University of Stirling

Development and External Affairs

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News Archive

July 2006

UK's insatiable Appetite for Sports News

Poles Apart

Poetry Meets Politics at Stirling

UK’s Insatiable Appetite for Sports News

Date released: Thursday 6 July 2006

It seems that the UK can’t get enough of sports journalism – whether it is print, broadcast or online. According to new book by University of Stirling researcher Dr Raymond Boyle, sports journalism has come to occupy an increasingly visible space and is set to grow in impact in the coming years.

Sports Journalism: Context and Issues, provides an in-depth analysis of sports journalism today. The book is the first major study of one of the most expanding areas of journalism in the UK and is based on extensive interviews with journalists working across print, broadcast as well as online sports journalism.

Dr Boyle said: “Despite its poor press over the years the range of journalism about sports and sports related issues has mushroomed over the last decade. From Rooney’s metatarsal to the politics of staging the London Olympics or the Commonwealth Games in Glasgow, sports journalism has grown in profile and importance.”

The book examines the commercialisation of sport and the impact this is having on sports journalism and looks at the growing relationship between public relations and journalism. It also considers the gendered nature of the industry and the impact of digital technology on professional practice.


Lesley Pollock
Media Relations Manager
(01786) 467058


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Professor Raymond Boyle

University of Stirling

Stirling

FK9 4LA
Scotland

UK

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Poles Apart

Date released: Monday 10 July 2006

University of Stirling environmental and ecological scientists will be heading off to the Arctic and the Antarctic during the International Polar Year (2007-8) thanks to grants worth a total of £600,000 from the UK Natural Environment Research Council.

Dr Philip Wookey, Reader in Ecosystem Science, is an expert in the ecology of the Arctic and will be leading a team investigating the decomposition of organic matter in soils in the Arctic and how this process, which releases carbon dioxide as a natural by-product, is affected by environmental change. Meanwhile Head of the School of Biological and Environmental Sciences, Professor David Hopkins will be working in the remote regions of the Antarctic where environmental conditions are extremely harsh because of the low temperatures and dryness.

Dr Wookey noted: “The polar regions are predicted to undergo the most rapid climatic changes as a result of the greenhouse effect, and the organisms that inhabit them may also be especially vulnerable to change. Another frequently ignored issue is that the Arctic stores enormous amounts of carbon in soils. There are real concerns that much of this carbon could end up in the atmosphere in the form of carbon dioxide and methane, which are both powerful greenhouse gases”.

The International Polar Year (http://www.ipy.org) is an initiative by the worldwide science community to work intensively on the specific environmental questions in Polar Regions, in particular how these extreme and remote parts of the Earth are both reacting to, and contributing to, environmental changes, such as climate change.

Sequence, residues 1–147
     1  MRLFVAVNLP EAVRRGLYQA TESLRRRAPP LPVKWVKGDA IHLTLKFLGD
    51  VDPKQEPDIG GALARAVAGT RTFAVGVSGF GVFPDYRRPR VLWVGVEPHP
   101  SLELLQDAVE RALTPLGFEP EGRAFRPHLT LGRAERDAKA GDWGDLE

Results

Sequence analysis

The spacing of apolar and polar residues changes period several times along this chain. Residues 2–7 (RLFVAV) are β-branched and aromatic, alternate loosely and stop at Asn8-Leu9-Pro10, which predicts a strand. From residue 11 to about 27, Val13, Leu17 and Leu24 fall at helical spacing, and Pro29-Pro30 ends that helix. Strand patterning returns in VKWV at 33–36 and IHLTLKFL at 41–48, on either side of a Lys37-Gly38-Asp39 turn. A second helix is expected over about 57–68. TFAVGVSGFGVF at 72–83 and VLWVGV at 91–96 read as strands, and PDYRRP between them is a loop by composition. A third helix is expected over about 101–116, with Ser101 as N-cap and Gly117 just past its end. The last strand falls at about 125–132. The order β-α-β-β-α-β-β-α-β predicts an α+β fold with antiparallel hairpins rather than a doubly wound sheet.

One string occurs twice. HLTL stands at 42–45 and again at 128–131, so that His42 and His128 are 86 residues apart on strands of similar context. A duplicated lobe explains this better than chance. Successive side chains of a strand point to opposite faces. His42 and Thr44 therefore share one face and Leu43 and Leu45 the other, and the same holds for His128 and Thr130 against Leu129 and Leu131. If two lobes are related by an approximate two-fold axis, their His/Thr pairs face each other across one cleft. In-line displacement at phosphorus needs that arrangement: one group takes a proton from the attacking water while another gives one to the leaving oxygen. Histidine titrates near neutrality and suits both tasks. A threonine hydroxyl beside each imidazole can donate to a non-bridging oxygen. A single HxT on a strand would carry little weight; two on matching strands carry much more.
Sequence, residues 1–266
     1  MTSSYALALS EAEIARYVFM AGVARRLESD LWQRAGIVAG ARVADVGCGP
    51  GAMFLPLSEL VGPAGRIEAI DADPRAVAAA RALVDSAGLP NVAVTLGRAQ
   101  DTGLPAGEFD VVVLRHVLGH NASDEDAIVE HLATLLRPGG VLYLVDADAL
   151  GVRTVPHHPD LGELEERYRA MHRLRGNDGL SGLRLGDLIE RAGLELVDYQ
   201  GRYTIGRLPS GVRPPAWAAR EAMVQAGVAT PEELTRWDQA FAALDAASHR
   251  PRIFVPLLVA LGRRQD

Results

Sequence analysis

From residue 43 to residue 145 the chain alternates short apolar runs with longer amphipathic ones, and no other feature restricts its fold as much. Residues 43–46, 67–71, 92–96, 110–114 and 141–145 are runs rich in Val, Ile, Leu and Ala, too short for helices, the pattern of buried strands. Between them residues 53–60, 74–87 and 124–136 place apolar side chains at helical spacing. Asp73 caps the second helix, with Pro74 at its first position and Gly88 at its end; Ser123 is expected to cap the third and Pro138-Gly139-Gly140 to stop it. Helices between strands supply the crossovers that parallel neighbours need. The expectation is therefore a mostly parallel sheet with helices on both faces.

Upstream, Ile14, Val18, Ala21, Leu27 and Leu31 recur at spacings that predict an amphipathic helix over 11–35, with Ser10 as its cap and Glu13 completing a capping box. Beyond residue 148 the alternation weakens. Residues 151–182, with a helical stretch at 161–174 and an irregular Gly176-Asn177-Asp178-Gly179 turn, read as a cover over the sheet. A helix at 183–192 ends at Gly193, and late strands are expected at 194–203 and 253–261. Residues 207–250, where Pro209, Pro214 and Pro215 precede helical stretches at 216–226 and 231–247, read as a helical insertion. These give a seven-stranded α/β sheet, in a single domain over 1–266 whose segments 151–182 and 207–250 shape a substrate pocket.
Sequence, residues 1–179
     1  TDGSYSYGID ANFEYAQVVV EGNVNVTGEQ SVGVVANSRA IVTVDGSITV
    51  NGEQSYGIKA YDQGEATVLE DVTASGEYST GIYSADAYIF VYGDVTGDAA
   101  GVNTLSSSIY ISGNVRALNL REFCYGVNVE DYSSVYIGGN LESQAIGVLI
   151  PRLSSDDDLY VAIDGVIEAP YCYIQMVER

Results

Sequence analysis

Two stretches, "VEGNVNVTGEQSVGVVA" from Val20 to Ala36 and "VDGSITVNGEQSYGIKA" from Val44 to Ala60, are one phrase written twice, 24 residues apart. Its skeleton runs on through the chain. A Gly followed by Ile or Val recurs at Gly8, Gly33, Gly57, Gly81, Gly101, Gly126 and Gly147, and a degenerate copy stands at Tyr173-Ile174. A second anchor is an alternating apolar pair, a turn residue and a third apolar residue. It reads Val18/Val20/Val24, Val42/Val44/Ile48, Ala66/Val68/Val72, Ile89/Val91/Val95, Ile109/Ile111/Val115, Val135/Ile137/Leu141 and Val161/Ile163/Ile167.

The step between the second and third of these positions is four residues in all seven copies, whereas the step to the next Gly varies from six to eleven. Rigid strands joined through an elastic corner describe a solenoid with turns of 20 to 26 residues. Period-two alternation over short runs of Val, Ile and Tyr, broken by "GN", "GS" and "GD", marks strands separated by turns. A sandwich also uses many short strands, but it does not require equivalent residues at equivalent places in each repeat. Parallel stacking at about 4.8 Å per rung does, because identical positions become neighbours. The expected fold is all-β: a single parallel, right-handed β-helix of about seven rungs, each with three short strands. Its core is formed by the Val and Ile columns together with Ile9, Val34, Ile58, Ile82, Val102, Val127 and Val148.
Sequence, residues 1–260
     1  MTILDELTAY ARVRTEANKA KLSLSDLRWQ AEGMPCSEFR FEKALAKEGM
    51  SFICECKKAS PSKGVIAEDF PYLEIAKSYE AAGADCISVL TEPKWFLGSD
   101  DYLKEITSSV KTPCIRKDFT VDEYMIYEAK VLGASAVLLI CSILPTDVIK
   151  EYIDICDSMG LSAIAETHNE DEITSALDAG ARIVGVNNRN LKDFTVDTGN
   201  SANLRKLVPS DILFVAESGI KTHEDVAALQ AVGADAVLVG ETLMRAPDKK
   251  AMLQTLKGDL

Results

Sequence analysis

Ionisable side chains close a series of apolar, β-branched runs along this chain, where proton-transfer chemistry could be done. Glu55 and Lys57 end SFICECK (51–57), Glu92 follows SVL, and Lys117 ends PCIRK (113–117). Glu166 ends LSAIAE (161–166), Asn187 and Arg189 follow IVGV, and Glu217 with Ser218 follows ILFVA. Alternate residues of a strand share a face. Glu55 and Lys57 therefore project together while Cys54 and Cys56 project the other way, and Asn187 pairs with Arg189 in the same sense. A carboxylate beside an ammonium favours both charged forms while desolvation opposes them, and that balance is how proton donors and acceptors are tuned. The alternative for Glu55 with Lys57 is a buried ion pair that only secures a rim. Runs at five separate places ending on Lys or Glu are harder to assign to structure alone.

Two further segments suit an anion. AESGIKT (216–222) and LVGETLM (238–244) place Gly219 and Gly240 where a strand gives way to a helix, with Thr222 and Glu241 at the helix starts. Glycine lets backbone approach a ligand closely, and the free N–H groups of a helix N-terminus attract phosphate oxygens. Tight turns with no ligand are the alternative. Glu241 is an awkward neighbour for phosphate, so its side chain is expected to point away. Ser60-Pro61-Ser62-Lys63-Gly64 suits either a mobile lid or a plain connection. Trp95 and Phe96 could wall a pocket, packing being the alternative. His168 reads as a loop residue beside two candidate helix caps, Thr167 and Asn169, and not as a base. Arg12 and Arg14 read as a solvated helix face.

Lesley Pollock
Media Relations Manager
(01786) 467058

 

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Dr Philip Wookey

University of Stirling

Stirling

FK9 4LA
Scotland

UK

telephone

Tel: +44 (0)1786 467804


Poetry Meets Politics at Stirling

Date released: Monday 10 July 2006

More than 240 poets and speakers from across the globe will gather at the University of Stirling this week for a conference dedicated to Poetry and Politics (13-16 July 2006). Readings will be given by a diverse range poets, from the literary great Adrienne Rich to the distinctive Jamaican-style dub poet and reggae artist Linton Kwesi Johnson.

Adrienne Rich’s poetry and prose are taught in literature, creative writing, gender and gay studies courses across the country and abroad. She has said that her poetry seeks to create a dialectical relationship between “the personal, or lyric voice, and the so-called political – really the voice of the individual speaking not just to herself, or to a beloved friend, but to and from a collective, a social realm.”

Reggae poet Linton Kwesi Johnson came to the UK in 1963 from Jamaica. While still at school he joined the Black Panthers and helped to organise a poetry workshop with the movement. Speaking of the equal rights struggle, Johnson said: “My choice of language was political. I saw poetry as a weapon in our struggle for black liberation.” In 1970s he was awarded a fellowship to become the writer-in-residence for a London borough and had his first poems published in the journal Race Today. In the 1980s he launched his own reggae record label and in 2002 became the first living poet and the first black poet to have his work published in Penguin’s modern classic series, under the title Mi Revalueshanary Fren: Selected Poems.

Other poets and plenaries include: Moniza Alvi, Eavan Boland, Marilyn Hacker, David Norbook, Deryn Rees-Jones and Jo Shapcott. Delegates will debate a range of subjects from ‘Unlawful Politics in Contemporary Israeli Poetry’ to ‘Poetry and Political Dissent after September 11, 2001’.

 

Lesley Pollock
Media Relations Manager
(01786) 467058

 

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Professor Glennis Byron

University of Stirling

Stirling

FK9 4LA
Scotland

UK

telephone

Tel: +44 (0)1786 467509